From today’s San Diego Union-Tribune:
Earlier this year, state Sen. Tom Umberg pointed to an often-overlooked confluence of events amid discussion about California’s efforts to make it easier to vote in 2020 — something typically thought to favor Democrats.
“Democrats lost four seats (in Congress) this past election and we had the highest voter turnout since 1952,” the Santa Ana Democrat said. “I think more people voting, irrespective of what happened to Democrats, is a good thing for democracy.”
Lots of Republicans in other state legislatures aren’t buying that and launched a methodical drive to restrict voting access not long after the 2020 votes were officially tallied — along with seeking to overturn the results in some states where then-President Donald Trump lost.
There are a lot of reasons why Republicans gained some California congressional seats last year, just as there were when they lost several in 2018. How much — or how little — California’s voting rules had to do with that is open to debate. But greater access didn’t seem to hinder them.
Umberg’s comments came in February as the Legislature was passing his bill to extend last year’s California vote-by-mail system to special elections this year, which includes the Sept. 14 recall election for Gov. Gavin Newsom.
The bill was drafted long before it was certain the recall would qualify and there already were two other special elections scheduled to fill legislative vacancies, according to The Associated Press.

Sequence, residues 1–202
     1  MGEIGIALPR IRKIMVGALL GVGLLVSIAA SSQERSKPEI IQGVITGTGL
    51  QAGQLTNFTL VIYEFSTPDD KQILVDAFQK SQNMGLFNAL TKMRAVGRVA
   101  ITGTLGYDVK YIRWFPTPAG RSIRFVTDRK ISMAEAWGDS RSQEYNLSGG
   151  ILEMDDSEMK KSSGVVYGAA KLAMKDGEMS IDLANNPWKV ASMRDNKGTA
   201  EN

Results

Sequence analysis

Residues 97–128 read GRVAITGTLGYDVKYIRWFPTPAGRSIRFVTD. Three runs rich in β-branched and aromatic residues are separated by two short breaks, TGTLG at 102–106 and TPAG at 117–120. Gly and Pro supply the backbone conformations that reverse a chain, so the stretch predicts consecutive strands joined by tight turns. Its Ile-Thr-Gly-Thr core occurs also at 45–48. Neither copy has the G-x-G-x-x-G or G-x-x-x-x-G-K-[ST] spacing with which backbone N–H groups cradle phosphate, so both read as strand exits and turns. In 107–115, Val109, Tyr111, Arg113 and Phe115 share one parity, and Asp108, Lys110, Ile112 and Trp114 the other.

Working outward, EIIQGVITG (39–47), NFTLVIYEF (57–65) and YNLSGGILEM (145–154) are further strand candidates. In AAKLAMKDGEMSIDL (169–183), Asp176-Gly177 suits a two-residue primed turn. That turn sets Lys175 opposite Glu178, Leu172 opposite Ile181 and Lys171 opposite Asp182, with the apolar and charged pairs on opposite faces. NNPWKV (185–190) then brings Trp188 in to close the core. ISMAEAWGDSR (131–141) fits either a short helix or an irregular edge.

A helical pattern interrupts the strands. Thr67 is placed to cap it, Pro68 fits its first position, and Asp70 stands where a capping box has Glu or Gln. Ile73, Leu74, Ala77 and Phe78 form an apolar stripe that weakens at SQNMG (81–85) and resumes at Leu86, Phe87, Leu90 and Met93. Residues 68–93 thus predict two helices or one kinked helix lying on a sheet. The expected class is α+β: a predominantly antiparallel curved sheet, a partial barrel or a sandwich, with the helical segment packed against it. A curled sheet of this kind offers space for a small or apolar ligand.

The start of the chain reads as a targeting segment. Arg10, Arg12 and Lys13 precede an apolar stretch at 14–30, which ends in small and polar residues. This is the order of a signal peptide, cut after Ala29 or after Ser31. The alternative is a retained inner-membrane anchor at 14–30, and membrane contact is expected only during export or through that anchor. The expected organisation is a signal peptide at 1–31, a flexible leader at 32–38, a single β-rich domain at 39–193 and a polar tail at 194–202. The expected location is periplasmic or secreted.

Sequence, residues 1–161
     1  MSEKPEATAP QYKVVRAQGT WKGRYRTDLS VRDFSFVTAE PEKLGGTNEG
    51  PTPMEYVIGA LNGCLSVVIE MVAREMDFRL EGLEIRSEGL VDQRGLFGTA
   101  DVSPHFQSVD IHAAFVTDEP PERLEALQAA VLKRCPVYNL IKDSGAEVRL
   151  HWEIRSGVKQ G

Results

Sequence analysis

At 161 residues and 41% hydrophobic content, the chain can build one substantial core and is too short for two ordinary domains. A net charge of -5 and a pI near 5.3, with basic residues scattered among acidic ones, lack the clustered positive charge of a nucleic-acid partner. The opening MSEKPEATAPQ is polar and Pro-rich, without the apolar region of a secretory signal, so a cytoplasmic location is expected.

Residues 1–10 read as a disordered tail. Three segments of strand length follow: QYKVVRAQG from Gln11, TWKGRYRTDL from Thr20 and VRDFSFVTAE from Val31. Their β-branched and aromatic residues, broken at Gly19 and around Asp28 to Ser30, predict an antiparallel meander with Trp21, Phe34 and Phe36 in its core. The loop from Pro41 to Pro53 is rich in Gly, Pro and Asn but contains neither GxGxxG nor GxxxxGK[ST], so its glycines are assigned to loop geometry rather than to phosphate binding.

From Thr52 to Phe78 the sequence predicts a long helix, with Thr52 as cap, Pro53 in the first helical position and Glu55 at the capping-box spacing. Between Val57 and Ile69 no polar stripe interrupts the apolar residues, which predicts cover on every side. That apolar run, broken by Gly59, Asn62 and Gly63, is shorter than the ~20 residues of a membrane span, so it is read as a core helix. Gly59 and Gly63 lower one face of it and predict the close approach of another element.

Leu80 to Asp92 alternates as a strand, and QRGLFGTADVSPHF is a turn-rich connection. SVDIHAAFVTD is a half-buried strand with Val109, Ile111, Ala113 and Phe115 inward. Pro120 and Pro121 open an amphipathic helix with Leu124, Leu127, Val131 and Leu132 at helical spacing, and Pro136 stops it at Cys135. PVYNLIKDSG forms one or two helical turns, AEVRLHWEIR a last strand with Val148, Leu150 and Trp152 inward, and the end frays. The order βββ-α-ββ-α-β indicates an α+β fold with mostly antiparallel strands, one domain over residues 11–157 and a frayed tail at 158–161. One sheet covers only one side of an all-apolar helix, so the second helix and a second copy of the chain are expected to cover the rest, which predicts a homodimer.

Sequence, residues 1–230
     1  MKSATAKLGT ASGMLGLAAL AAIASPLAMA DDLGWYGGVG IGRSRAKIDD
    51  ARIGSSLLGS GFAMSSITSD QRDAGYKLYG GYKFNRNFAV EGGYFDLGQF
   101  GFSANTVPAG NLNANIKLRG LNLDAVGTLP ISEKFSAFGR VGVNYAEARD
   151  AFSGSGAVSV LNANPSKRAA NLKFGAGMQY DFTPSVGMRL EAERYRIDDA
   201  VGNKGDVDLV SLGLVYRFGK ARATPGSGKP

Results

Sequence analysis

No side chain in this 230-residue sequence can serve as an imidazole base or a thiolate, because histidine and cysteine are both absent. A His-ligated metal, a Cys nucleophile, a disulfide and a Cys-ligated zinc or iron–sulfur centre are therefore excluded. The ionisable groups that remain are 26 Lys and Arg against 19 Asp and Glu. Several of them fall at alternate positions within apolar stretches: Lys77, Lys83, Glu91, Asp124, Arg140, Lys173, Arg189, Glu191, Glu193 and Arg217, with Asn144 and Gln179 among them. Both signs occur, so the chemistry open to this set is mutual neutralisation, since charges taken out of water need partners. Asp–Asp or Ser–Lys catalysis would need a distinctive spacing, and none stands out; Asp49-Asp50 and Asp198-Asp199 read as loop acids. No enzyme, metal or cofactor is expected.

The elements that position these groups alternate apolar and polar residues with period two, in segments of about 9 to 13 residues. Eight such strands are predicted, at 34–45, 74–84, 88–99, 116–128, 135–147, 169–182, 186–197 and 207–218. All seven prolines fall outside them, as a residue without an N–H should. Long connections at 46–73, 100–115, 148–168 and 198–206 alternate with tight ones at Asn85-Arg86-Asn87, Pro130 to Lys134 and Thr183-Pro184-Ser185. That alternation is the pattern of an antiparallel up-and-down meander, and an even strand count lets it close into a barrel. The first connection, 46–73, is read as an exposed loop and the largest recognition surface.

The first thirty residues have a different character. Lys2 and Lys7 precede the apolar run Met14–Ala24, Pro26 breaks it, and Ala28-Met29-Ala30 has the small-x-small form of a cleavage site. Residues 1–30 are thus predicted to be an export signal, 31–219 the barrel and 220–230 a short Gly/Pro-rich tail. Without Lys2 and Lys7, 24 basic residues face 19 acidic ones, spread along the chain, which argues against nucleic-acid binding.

Several states expanded the use of mail ballots last year because of the coronavirus pandemic, including some that sent a ballot to every registered voter whether they requested it or not, as California did. That was opposed by Trump and many Republicans, contending it was designed to boost Democratic prospects.
Regardless, the mail-ballot system was widely viewed as a success last year, not just because of turnout, but because it gave everyone an automatic option to skip voting in person during the coronavirus pandemic. There were still polling places available and opportunities for early voting in addition to the mail ballots. That will be the case next month.
In February, the COVID-19 outbreak was lingering, but appeared to be winding down when the Umberg bill was passed. Now the action seems prescient, given the pandemic resurgence with the Delta variant.
California is such a blue state that Democrats would seem certain to dominate regardless of how accessible voting is here. The national balance of power lies mostly in red states where political and demographic trends aren’t favoring the GOP, such as Georgia. And those are the states where voting laws are becoming more restrictive.
California’s accessible mode of voting may not be threatened, but the state is entering the fight over restrictive laws elsewhere. On Monday, California Attorney General Rob Bonta announced he was joining nearly two dozen other attorneys general in filing an amicus brief supporting a U.S. Department of Justice lawsuit challenging a new Georgia law passed as Senate Bill 202.
Read the complete story here.